Undergoing divorce does not eliminate the burden of taxes. Planning for tax consequences should be part of pursuing a settlement or decree.
For example, child support payments are not tax deductible. This also means that the parent who receives this support does not have to pay taxes on it.
Alimony paid to or for a spouse is deductible if made under a divorce or separation decree. The taxpayer does not have to itemize deductions to claim spousal support as deduction. However, this taxpayer must place the recipient spouse's Social Security number or taxpayer identification number on the 1040 form.
The spouse receiving alimony must pay additional taxes for the year this support is received. However, there is no tax withholding for alimony. The receiving spouse may have to increase taxes paid throughout the year to avoid penalties by making estimated tax payments or increasing the amount of taxes withheld from wages.
If the final decree or separate maintenance agreement is issued before the end of the tax year, a spouse cannot deduct contributions to their former spouse's traditional individual retirement account. This spouse possibly, however, deduct contributions to their own traditional IRA.
Even if divorce causes a spouse to lose their health insurance coverage, that spouse still must have coverage for each month of the return for themselves and any dependents claimed on tax returns. Health insurance enrollment in a Health Insurance Marketplace can take place during a special enrollment period for coverage lost at the end of a marriage.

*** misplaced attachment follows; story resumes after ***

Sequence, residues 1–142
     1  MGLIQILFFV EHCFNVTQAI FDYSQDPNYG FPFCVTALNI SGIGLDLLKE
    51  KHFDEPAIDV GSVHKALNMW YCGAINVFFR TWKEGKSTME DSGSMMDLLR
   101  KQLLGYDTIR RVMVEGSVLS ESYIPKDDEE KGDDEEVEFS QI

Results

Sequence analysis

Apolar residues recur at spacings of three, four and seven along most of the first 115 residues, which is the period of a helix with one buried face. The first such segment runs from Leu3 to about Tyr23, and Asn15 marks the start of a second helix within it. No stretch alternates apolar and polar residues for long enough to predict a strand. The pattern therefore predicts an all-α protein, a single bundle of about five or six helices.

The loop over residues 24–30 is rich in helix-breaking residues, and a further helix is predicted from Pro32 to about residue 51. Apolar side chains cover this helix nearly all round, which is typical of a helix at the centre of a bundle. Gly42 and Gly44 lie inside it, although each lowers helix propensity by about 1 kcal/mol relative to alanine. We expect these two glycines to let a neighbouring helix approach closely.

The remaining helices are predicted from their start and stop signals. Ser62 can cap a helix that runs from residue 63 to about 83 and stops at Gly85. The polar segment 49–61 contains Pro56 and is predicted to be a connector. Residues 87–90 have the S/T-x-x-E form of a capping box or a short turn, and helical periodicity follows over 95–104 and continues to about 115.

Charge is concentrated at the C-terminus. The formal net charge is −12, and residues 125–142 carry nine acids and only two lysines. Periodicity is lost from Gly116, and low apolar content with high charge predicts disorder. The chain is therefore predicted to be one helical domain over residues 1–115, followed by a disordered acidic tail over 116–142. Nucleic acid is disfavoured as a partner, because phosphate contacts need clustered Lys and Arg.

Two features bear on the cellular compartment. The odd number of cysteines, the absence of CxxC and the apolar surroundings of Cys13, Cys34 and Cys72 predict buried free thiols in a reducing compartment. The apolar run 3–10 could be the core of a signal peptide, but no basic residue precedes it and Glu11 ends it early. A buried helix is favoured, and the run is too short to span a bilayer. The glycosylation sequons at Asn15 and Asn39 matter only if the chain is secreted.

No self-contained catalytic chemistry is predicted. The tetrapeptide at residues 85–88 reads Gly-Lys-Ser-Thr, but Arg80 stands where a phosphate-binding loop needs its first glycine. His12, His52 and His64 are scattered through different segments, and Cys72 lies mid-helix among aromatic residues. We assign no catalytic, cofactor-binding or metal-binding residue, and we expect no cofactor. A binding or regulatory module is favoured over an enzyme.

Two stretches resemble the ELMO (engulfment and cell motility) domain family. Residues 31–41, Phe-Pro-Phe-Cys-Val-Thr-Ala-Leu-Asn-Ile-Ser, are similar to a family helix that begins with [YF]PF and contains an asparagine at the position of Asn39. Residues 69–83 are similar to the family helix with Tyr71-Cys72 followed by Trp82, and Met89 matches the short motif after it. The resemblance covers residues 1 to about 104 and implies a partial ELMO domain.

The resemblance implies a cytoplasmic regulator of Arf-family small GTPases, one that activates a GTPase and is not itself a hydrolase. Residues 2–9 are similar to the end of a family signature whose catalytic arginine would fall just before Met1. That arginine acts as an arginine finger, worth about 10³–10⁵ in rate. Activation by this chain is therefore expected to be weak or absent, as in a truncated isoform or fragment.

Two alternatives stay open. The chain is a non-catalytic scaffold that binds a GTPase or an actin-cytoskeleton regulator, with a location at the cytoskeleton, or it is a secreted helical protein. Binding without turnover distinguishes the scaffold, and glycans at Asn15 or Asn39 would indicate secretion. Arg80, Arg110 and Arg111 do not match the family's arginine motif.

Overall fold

Finally, any name changes must be reported to the Social Security Administration. The name placed on any tax forms must be the same as a person's Social Security Administration records. Any inconsistency can complicate processing of tax returns and delay refunds.
In addition to these issues, taxes may impact division of marital property, real estate and other retirement plans for couples in Arizona. An attorney can assist a spouse with seeking a settlement or decree that protects their financial interests.
Source: CBS Boston, "Breaking up is hard to do: Don't forget the taxes!," Dee Lee, Sept. 1, 2017